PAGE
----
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Antibiotics for Lung Infections

By Catherine Schaffer ; Updated August 14, 2017

Lung infections are one of the most common infections that patients acquire, according to the Washington Manual of Surgery. Lung infections often start with viral disease such as influenza or the common cold. Respiratory tract viruses are common causes of pneumonia especially in the elderly, immunocompromised or in patients with other lung diseases such as COPD. Treatment of lung infections requires special antibiotics.

Levofloxacin

Levofloxacin or Levaquin is a fluoroquinolone antibiotic. A fluoroquinolone is the name of the chemical structure that makes up this drug. Fluoroquinolones are a class of antibiotics which work well against infections. This drug kills most bacteria that cause bronchial infections including Streptococcus pneumoniae, Haemophilus influenzae and Moraxella catarrhalis. This medication is particularly helpful in community-acquired pneumonia. Levaquin is typically prescribed at 750mg daily for five days. This medication can be given orally or intravenously and the dose should be decreased in patients with impaired renal function.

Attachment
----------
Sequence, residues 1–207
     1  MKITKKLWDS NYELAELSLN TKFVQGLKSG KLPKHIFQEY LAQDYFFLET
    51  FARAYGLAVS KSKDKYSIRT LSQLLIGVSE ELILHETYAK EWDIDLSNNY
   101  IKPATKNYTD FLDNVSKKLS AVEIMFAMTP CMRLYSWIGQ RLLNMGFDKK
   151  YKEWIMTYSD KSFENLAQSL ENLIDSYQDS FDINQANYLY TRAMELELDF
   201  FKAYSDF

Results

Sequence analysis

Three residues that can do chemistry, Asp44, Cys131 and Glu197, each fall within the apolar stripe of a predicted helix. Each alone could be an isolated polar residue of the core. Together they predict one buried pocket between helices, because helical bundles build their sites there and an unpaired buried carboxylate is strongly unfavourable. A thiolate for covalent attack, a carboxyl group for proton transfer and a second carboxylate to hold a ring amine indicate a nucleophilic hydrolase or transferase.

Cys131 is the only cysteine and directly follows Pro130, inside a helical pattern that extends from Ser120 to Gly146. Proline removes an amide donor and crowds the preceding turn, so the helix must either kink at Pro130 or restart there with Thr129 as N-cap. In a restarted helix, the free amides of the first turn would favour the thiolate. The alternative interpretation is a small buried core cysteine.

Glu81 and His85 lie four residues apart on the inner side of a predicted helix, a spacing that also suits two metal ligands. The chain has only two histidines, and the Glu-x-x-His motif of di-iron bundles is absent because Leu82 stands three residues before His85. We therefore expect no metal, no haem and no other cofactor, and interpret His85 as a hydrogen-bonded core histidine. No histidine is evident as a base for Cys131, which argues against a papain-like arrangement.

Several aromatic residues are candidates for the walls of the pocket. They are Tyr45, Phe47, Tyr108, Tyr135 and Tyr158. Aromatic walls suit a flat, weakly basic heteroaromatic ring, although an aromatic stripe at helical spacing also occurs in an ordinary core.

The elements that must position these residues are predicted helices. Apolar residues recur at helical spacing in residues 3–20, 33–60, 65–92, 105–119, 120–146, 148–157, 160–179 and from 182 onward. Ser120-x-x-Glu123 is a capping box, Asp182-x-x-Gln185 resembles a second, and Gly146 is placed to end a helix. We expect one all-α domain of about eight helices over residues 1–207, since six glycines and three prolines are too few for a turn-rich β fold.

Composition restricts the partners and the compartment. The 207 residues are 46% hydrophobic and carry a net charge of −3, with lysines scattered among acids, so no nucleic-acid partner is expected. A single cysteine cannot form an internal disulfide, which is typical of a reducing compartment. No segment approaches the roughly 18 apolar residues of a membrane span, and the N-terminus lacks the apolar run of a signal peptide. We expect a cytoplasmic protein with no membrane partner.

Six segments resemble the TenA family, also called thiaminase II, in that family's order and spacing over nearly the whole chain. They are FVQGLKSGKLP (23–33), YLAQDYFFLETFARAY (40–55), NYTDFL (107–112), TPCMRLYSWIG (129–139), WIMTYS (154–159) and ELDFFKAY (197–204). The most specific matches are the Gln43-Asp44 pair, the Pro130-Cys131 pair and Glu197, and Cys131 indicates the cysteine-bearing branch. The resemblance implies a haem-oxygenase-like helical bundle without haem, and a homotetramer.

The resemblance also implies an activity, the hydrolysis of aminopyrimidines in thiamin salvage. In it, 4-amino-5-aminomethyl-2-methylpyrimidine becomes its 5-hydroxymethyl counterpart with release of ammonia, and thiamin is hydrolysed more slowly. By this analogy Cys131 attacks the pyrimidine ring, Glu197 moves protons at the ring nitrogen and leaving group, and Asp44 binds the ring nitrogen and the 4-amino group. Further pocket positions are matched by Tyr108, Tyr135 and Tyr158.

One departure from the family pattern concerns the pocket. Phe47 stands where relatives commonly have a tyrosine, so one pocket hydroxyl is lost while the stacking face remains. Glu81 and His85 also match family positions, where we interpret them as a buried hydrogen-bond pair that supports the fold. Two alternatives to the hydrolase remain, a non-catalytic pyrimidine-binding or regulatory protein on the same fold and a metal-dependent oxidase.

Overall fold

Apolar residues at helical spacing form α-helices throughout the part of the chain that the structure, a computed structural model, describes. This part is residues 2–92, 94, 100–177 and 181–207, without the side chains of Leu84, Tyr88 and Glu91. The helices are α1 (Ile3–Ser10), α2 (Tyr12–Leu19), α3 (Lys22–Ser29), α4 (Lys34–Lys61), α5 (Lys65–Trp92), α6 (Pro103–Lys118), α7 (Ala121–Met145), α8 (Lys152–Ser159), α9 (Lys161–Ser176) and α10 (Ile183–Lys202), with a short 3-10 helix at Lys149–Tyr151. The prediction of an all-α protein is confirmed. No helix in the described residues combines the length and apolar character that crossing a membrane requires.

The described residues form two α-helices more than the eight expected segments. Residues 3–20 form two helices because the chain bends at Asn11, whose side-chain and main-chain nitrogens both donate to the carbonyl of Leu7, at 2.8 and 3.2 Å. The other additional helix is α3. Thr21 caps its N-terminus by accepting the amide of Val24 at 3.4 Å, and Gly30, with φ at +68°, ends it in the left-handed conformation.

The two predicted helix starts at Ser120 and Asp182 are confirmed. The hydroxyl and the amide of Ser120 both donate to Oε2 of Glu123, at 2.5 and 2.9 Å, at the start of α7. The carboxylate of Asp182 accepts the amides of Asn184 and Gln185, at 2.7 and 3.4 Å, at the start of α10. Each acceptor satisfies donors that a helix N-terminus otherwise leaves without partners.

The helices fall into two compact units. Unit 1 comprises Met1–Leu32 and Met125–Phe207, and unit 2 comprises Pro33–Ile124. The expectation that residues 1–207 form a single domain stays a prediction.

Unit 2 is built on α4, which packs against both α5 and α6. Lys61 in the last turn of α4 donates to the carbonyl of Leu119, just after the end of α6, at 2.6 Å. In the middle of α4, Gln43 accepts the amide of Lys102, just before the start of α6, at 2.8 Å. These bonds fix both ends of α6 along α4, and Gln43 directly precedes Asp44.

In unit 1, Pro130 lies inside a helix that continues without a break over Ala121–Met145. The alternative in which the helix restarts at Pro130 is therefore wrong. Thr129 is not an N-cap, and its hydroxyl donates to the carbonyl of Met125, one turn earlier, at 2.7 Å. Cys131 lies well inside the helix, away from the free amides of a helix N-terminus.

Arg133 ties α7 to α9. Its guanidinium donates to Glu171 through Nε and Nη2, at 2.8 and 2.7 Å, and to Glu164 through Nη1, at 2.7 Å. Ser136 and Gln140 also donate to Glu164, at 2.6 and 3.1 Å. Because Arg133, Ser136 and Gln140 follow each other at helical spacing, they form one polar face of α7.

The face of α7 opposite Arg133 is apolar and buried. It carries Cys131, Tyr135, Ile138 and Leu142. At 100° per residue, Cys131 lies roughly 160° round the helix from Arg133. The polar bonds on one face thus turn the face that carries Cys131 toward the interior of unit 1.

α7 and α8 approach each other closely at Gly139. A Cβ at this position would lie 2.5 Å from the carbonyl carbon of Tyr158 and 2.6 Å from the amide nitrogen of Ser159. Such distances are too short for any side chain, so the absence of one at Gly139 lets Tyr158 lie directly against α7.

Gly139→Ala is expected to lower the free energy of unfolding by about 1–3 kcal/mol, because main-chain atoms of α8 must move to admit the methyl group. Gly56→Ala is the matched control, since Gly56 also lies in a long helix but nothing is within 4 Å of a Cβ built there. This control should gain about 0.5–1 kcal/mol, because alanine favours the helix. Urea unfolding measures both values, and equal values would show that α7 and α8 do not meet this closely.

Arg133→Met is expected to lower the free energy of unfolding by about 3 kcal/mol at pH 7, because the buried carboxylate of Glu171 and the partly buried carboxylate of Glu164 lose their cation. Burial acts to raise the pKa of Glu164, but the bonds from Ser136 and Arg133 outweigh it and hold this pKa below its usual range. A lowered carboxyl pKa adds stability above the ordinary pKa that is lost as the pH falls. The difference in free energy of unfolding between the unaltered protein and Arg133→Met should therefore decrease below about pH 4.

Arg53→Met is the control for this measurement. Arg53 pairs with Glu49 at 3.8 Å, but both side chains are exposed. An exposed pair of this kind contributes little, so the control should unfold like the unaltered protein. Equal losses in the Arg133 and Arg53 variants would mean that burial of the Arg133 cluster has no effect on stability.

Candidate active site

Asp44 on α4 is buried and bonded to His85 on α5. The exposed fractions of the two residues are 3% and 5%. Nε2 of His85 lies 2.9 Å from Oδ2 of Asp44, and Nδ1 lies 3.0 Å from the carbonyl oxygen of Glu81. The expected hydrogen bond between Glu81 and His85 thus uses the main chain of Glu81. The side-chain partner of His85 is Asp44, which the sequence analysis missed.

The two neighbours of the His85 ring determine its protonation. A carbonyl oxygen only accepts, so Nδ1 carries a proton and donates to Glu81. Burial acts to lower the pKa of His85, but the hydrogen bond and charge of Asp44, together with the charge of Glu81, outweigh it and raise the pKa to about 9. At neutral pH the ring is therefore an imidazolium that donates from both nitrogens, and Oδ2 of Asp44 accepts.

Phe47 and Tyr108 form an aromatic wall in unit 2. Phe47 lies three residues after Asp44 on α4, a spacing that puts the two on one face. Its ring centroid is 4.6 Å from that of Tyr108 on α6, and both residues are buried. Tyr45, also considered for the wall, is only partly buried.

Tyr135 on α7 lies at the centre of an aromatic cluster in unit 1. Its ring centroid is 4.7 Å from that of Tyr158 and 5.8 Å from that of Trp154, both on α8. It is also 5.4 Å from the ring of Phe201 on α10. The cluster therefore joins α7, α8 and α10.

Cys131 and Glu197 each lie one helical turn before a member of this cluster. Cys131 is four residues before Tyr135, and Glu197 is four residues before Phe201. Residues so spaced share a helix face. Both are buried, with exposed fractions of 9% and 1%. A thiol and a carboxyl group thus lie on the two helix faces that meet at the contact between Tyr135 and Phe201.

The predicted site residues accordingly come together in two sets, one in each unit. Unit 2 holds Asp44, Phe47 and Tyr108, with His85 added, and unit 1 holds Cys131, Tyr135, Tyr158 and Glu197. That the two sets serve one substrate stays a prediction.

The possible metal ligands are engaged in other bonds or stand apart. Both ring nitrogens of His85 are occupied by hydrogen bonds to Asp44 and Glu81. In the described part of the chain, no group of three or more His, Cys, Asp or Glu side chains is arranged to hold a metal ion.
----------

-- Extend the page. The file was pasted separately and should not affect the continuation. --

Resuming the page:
Clindamycin

Clindamycin or Cleocin is a drug used to treat serious infections in the body and particularly the respiratory tract. Clindamycin kills anaerobes which can cause lung abscesses, empyema or pneumonitis. This drug is available for oral or intravenous use. Clindamyacin carries a black box warning in that it is associated with Clostridium difficile colitis. This is a reaction of the colon to the antibiotic that causes severe inflammation, swelling of the colon and diarrhea which can be potentially fatal. This drug should not be taken with erythromycin as there are drug interactions noted. The typical dose is 600mg every six hours.

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Piperacillin-Tazobactam

Piperacillin-tazobactam or Zosyn is another broad-spectrum antibiotic used in respiratory infections. Community-acquired pneumonia and hospital-acquired pneumonia can both be treated with Zosyn. This medication can be administered only intravenously and must be given every six hours. Patients with renal insufficiency should have their dosing reduced. The length of treatment depends on the severity of the disease but usually seven to 10 days is adequate. Side effects include diarrhea, nausea and headaches.

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